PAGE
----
Opinion

UN rights body launches Iran human rights investigation


Published : 28 Nov 2022 07:40 PM

The 47-member of Human Rights council passed the resolution to launch an international investigation into the deadly crackdown on mass protests rocking Iran, with 25 countries voting in favour and 16 abstaining. However, six nations – Armenia, China, Cuba, Eritrea, Pakistan and Venezuela voted against the measure.

The United Nations’ top rights body held an urgent meeting this week on 24th December with talks to launch an international investigation into the deadly crackdown on mass protests rocking Iran. As a result, they have established a fact-finding mission to investigate potential abuses in Iran’s crackdown on anti-government demonstrations, focusing on women and children.

Political struggles have been gripping the Islamic Republic of Iran for quite a while now. It snowballed to a state where even the nation’s official football team attending FIFA World Cup refused to sing Iran’s National Anthem. The phenomenon of women defiantly chopping off their hair with expert ease in front of cameras has been made global in a demonstration of protest against the Iranian Government. To make matters worse, the power wielders of Iran even life threatened the International press regarding the coverage of the situation. 

According to many, this agitation has gone way beyond the issue of hijab, and these demonstrations are an eruption of a society groaning under a host of economic ills. Still, news of how Iran handles the situation, with the likes of mass arrests and non-hijabi females being denied government service, is becoming more concerning. Trying to protect national culture is one thing but denying fundamental human rights to a core part of 

your civilisation, the ladies, is something else. 

As such, the International community, including diplomats, is requesting a less aggressive approach and allowing Internationally independent scrutiny of Ms. Amini’s death and some form of reforms regarding women’s rights in the country.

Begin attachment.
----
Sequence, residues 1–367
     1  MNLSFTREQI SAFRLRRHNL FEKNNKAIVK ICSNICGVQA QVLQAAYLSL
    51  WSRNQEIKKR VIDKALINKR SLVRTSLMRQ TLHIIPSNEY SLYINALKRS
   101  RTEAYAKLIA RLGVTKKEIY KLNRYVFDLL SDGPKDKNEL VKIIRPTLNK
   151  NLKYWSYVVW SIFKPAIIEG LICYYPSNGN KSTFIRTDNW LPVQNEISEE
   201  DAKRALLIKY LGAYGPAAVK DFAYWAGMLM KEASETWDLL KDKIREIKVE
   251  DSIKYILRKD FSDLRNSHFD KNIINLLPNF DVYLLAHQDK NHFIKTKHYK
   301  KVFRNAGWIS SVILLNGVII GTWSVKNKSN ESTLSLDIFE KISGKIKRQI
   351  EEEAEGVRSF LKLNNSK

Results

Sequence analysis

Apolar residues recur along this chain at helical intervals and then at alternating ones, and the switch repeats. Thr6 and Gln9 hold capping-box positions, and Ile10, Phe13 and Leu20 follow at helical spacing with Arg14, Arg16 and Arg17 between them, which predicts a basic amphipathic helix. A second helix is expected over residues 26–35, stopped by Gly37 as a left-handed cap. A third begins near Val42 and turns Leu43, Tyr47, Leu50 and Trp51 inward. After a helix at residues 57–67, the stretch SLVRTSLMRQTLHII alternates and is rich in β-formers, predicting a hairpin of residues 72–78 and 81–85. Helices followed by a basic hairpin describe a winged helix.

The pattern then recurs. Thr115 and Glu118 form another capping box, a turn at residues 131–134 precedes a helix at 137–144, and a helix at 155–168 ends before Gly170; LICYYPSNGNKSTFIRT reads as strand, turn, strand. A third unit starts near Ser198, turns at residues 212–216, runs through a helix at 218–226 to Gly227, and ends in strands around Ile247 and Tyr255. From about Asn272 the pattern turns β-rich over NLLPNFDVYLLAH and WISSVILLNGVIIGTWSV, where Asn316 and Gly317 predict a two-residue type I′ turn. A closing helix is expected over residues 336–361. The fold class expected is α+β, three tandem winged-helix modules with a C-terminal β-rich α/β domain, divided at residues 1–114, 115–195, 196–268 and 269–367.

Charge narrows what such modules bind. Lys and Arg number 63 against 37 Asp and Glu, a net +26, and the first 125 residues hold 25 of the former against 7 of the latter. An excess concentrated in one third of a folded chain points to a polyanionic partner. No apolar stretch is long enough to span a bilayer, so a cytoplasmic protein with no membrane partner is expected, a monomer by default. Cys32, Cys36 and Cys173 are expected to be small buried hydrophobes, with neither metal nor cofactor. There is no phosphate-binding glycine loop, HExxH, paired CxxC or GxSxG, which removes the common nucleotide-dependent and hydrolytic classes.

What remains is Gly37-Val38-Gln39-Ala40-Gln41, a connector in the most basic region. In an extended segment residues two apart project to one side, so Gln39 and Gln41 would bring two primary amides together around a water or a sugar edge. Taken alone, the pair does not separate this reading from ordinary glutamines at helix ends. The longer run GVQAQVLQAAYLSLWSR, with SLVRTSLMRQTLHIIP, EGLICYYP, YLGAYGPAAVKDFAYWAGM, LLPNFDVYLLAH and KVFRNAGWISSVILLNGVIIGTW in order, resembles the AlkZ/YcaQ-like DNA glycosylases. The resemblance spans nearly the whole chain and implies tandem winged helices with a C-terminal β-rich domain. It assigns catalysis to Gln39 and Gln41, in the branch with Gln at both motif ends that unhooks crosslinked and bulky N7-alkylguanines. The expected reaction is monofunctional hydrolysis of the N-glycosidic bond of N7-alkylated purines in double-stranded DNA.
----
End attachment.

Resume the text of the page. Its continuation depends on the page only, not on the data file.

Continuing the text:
The newly appointed United Nations High Commissioner for Human Rights, Volker Turk, urged Iranian authorities on the urgent meeting by UN Human Rights Council to stop their “unnecessary and disproportionate” use of force against protesters in a speech addressing the ongoing crisis. Moreover, he added the worsening degree of the dire situation with reports of more than 300 people killed, including children, since Amini’s death, while 14,000 had been arrested.

In his own words, “I call on the authorities immediately to stop using violence and harassment against peaceful protesters and to release all those arrested for peacefully protesting, as well as … a moratorium on the death penalty.”

Nonetheless, Iran’s representative, Khadijeh Karimi, Deputy of the Vice President for Women and Family Affairs, condemned the resolution and called it “politically motivated.” In addition, Iran has been known to be lobbying against the motion sending a delegation to Geneva earlier this month, urging governments to vote against the resolution.

Khadijeh Karimi further added, “The Islamic Republic of Iran deeply regrets that the Human Rights Council is abused once again by some arrogant states to antagonise a sovereign UN member state that is fully committed to its obligation to promote and protect human rights.” She went so far as to accuse Western nations of ignoring human rights abuses in Yemen and the occupied Palestinian territories.

In response, Germany and Iceland, who set motion to the resolution, demanded that Tehran cooperate with the UN Human Rights Council’s special rapporteur on Iran. Additionally, German Foreign Minister Annalena Baerbock called on all countries to back the independent probe to ensure “those responsible can be held to account”. Baerbock added, “If we don’t collect the evidence today … justice will never come to the victims.”